In the case of SAM, the same tool was used in both operations; a PCBN grinding tool of 16 mm of diameter and 20 mm of cutting edge was used. On the other hand, concerning cutting conditions, in order to allow for using SAM technology in this type of machining centers, they were adapted to the spindle capacities. Finally, the cutting fluid chosen to be able to use the grinding tool was a synthetic emulsion with a concentration of 20%. Tools characteristics, cutting conditions, and operation times are summarized in Table 2.
In relation to machining strategies, in the case of roughing with milling tools several passes were used to avoid tool break failure. However, with SAM technology it is possible to perform this operation in one only pass/step. On the other hand, in order to carry out finishing strategies, a mathematical algorithm developed in 2016 by Pengbo Bo et al. [39] was used. The use of this algorithm is needed to obtain the surface dimensional requirements in this type of parts where it not allowed any section break/jump between different tool paths along blade surface. These applications occur frequently and this algorithm offers a full solution to perform the machining operations just with one tool path.
This algorithm focuses on approximation of free form surfaces by envelopes of motions of surfaces of revolution (milling tools). This algorithm is perfectly suited for flank milling purposes. However, their approach optimized both the shape of the milling and its trajectory. In this set up, the shape of the (virtual) milling tool was fixed according to the existing (physical) counterpart. The equations that control this algorithm are shown in Equations (1)–(5). In particular, taking “a” and “b” as the two boundary curves and “d” as the unknown distance, Equation (1) represents the whole objective function to obtain this approximation where µ1 = 1, µ2 = µ4 = 0.1, and µ3 = 0.001; Equations (2) and (4) correspond to the two components of the objective function that represent the point-surface proximity. Equation (5) controls the rigidity and Equation (3) is the fairness of the two boundary curves to achieve a fair motion.
F m o t i o n ( a , b , d ) =   μ 1 F p l a n e ( a , b , d ) + μ 2 F f a i r ( a , b ) + μ 3 F p o i n t ( a , b , d ) + μ 4 F r i g i d ( a , b )   w h e r e ,
F p l a n e ( a , b , d ) = 1 m n j = 1 n i = 1 m ( ( p i j p i j , n i j ) d j ) 2
F f a i r ( a , b ) = 1 m i = 2 m 1 ( a ( t i 1 ) 2 a ( t i ) + a ( t i + 1 ) ) 2 + 1 m i = 2 m 1 ( b ( t i 1 ) 2 b ( t i ) + b ( t i + 1 ) ) 2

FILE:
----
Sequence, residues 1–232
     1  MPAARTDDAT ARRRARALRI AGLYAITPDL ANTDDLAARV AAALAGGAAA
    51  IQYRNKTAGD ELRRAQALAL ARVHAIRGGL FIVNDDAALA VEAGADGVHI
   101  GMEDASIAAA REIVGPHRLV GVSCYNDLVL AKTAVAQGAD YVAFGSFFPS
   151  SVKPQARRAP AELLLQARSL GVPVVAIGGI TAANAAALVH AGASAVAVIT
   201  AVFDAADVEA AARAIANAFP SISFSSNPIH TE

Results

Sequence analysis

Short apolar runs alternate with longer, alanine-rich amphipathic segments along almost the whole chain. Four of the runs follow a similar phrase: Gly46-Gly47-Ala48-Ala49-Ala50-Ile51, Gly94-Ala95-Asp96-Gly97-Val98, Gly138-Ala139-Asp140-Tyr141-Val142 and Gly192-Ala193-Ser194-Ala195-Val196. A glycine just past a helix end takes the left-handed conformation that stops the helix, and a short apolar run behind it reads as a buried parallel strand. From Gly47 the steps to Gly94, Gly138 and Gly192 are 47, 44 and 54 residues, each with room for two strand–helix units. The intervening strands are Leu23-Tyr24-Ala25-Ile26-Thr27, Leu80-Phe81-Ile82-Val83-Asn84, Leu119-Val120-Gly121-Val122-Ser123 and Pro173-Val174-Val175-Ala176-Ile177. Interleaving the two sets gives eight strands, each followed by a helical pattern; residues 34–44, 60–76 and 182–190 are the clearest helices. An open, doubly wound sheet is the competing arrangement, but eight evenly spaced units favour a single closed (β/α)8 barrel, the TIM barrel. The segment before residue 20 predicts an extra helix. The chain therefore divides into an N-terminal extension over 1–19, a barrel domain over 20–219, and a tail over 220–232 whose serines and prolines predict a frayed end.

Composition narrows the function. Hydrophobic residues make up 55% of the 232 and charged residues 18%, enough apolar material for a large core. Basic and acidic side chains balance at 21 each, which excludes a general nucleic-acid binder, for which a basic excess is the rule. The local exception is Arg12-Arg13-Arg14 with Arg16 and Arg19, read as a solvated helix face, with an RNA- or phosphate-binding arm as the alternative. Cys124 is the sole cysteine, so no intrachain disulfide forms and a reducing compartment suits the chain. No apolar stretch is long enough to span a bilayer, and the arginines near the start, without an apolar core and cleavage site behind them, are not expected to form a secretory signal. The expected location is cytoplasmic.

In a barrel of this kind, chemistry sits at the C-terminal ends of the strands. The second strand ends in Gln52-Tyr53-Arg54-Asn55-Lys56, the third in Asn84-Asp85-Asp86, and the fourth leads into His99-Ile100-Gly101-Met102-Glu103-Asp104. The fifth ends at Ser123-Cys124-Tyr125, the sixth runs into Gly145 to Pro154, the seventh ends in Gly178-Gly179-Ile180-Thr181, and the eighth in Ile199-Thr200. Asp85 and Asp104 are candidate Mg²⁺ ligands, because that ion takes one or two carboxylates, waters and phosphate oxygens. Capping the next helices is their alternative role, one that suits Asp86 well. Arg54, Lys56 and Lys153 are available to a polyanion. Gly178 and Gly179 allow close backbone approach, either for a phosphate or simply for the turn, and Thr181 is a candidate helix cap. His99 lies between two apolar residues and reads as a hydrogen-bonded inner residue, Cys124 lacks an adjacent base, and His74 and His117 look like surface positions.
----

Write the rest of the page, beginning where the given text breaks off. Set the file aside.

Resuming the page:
F p o i n t ( a , b , d ) = 1 m n j = 1 n i = 1 m p i j ( p i j , d i j n i j ) 2
F r i g i d ( a , b ) = a ( t i ) b ( t i ) , a ( t i ) b ( t i ) L 2 = 0
In this way, the full length of tool cutting edge is constantly in contact with the non-ruled surface designed and layers are confined to a single one if tool dimension covers all of the surface height. The accuracy of the process is controlled by the error of the objective function (see Equation (1)). Therefore, to take this into account, the surface height used for these tests was 20 mm, that is, the same height dimension of the cutting tool edges.
Finally, after machining tests were conducted, in order to validate SAM technique from an industrial point of view, the blades obtained were scanned with an ATOS GOM and compared with the Computer-aided design (CAD) model. This equipment is based on the triangulation effect with two cameras with a resolution of 17 µm and an accuracy of 35 µm. Afterwards, besides three-dimensional (3D) surface topography of the walls were obtained using a Leica confocal microscope with a resolution of 0.1 nm.

3. Results and Discussion

Each blade was made five times with both techniques in order to validate the results obtained, and the test finishing criteria was taken the finalization of each blade. In Figure 4, the IBR blades machined are shown during roughing and finishing operations with milling and SAM operations. In this this section, the analysis of different results obtained during the experimental tests are set out. In particular, cutting forces and surface roughness are compared between both operations. Afterwards, based on these analyzed results, a scanned IBR blade obtained by SAM is compared to CAD model. The aim of analyzing these parameters is to demonstrate that SAM process is not only a process in which manufacturing time is reduced, but also is technologically a suitable option to be used in the industry because it improves the current milling process.

3.1. Cutting Forces

As it was exposed above, forces were registered during IBR blade machining through roughing and finishing operations with milling and SAM techniques. Figure 5 shows total average and maximum total force modulus obtained during the machining processes, as well as estimated errors, which are between ≈2% and ≈7%. Due to the fact that obtained values are below 10%, they are considered admissible [40].